It was delightful.

Darrell and Diane chain up at the Missouri state Capitol.

Darrell and Diane chain up at the Missouri state Capitol.

Missouri was a day of chained dog stories, and those who came out to chain all had a story to tell.

Darrell, who came out specifically to meet us and tell us about the dog who lives in a pen across the street from him, explained the pain he and wife Diane go through watching the suffering of the dog every day. The owners lock the pen—so the feces is NEVER removed—and they just dump water and food into the pen over the side.

Sheila pledged to try to help him as our local rep, but without laws on our side, good citizens are forced to watch the abuse daily without recourse. It’s incredibly disempowering and frustrating, not to mention psychologically traumatic for those who watch.

It’s not only the suffering of the dogs who are stuck on chains or in pens that goes unaddressed, but the suffering of caring humans nearby—forced to silently observe the abuse—that is unthinkable.

When we put Darrell on the chain, he got down on one knee for a photo, and I said it looked like he was proposing to Diane. We all had a good laugh when Diane remarked that it was about time he got down on one knee—after 40-some years of marriage—and it took him being chained to do it.

Love this pic of Sheila Ehler with the Capitol in the background!

Love this pic of Sheila Ehler with the Capitol in the background!

Sheila Ehler has been a DDB rep for years, and has a ton of great rescue stories under her belt. She told me that the hardest thing to deal with—still—is talking to those who chain their dogs, as they are often confrontational and uninterested in bettering the lives of those they have imprisoned to a chain. It takes a lot of courage and guts to get out there and advocate face to face on behalf of the dogs, and I admire so greatly those who undertake the challenge.

Jennen Herbst shows the homemade 'doghouse' that Gator was rescued from

Jennen Herbst shows the homemade ‘doghouse’ that Gator was rescued from

This is Gator now, happier and healthy, although he still suffers from separation anxiety.

This is Gator now, happier and healthy, although he still suffers from separation anxiety.

Jennen Herbst is a DDB Missouri volunteer and foster mom to Gator, pictured above. She created her own ‘doghouse’ out of a cardboard box and a black plastic bag to simulate how he was living before his rescue. Even though he’s been with her as a foster for seven months, he still suffers pretty severe separation anxiety when she leaves the apartment, because he’s so afraid of being left alone again.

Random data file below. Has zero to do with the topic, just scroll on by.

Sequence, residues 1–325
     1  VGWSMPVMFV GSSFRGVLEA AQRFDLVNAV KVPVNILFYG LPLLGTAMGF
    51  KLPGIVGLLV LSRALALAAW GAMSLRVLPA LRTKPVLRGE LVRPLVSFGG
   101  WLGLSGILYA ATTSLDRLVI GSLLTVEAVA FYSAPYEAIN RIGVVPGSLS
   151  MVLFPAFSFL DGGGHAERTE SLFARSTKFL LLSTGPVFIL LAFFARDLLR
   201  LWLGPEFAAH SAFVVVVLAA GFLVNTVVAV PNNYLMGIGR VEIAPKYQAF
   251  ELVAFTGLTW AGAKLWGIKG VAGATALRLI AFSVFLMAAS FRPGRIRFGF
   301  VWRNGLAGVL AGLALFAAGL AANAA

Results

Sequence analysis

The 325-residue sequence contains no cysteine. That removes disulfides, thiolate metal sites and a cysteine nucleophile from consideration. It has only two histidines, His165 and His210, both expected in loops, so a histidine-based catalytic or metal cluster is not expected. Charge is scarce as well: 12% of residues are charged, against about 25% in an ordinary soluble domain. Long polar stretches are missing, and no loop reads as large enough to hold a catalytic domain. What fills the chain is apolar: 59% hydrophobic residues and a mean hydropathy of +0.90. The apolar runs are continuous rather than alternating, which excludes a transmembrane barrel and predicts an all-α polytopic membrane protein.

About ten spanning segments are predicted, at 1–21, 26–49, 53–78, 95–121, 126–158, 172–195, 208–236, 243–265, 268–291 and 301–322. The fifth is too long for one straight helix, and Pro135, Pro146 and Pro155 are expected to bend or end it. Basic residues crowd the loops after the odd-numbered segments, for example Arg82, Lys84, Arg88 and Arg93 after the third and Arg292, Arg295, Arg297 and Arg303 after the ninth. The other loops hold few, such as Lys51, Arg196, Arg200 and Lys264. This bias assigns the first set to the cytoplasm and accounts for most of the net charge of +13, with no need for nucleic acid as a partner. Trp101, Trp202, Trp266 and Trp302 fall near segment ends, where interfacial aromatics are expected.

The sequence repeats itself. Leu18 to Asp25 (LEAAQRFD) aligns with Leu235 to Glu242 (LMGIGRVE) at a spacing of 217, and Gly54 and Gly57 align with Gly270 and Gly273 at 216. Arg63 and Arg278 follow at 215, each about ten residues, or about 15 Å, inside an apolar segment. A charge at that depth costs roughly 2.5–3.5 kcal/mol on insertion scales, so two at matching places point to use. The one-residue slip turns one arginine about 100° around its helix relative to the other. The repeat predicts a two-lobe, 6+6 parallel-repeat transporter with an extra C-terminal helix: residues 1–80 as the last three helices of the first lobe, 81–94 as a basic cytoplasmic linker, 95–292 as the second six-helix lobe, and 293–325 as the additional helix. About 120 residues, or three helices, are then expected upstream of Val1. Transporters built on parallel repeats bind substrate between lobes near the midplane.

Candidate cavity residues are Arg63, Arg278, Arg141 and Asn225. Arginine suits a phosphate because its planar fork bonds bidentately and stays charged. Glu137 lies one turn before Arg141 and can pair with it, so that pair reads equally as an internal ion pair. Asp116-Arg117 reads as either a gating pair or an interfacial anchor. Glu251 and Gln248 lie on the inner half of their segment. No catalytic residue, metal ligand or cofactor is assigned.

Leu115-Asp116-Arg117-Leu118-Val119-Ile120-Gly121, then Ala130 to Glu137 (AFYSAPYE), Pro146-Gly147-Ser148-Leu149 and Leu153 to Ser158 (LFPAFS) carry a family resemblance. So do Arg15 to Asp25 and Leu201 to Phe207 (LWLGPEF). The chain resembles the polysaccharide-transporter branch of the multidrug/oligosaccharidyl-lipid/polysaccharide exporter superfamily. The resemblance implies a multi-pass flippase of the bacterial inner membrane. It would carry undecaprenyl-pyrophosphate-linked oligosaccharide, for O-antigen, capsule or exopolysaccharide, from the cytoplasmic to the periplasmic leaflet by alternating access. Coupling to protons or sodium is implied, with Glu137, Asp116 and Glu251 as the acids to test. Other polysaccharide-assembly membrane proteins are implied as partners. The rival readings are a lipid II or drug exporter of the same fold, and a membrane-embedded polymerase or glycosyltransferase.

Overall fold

Debbie Hinman chains all day for the dogs

Debbie Hinman chains all day for the dogs

Debbie wrote on the back of her shirt for the dogs.

Debbie’s prose on the dogs’ behalf.

Debbie Hinman made the three hour trek to the Capitol to chain with me for the day, and I am so honored by her dedication. Debbie has a dog she rescued from a chain, and her girl still suffers issues to this day as a result of not being socialized from a young age. She created her own shirt and wrote this one the back:

I am a “Sitting Duck”
For whatever comes by
I cannot run; I cannot hide
The sun bakes my skin
The cold numbs my mouth
But nothing hurts more than being banned for life.
Did I do something wrong?
Did I do something bad?
What could’ve possibly made you so mad
That you hooked me to this chain
For Eternity.
Never Again to be part of my family.
If you love me—Set me FREE!

Sheila being interviewed by channel 13, a CBS affiliate.

Sheila being interviewed by channel 13, a CBS affiliate.

One TV station came out and did an interview of both Sheila and myself. This makes nine pieces of media so far from the tour, which has helped spread the word about chaining immensely.

I joined Melody and Sheila and some of the volunteers for dinner that night, and then met up with them again at Petsmart the next day for their adoption event. My heart was so touched and warmed by all these people volunteering their time as foster parents and advocates for Missouri chained dogs.

Sheila and Melody, center, with some of their core group of volunteers

Sheila and Melody, center, with some of their core group of volunteers

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I managed to squeeze my butt into Diane's doghouse for a pic.

I managed to squeeze my butt into Diane’s doghouse for a pic.

Some of the dogs up for adoption at DDB Missouri

Some of the dogs up for adoption at DDB Missouri

These are the faces of the dogs we fight for

These are the faces of the dogs we fight for

What a beautiful girl!

What a beautiful girl!

The group from the adoption event

The group from the adoption event

Today we drive to Kentucky, where tomorrow we will do a chain off at the state Capitol in Frankfort, with Kentucky rescue group SOAR.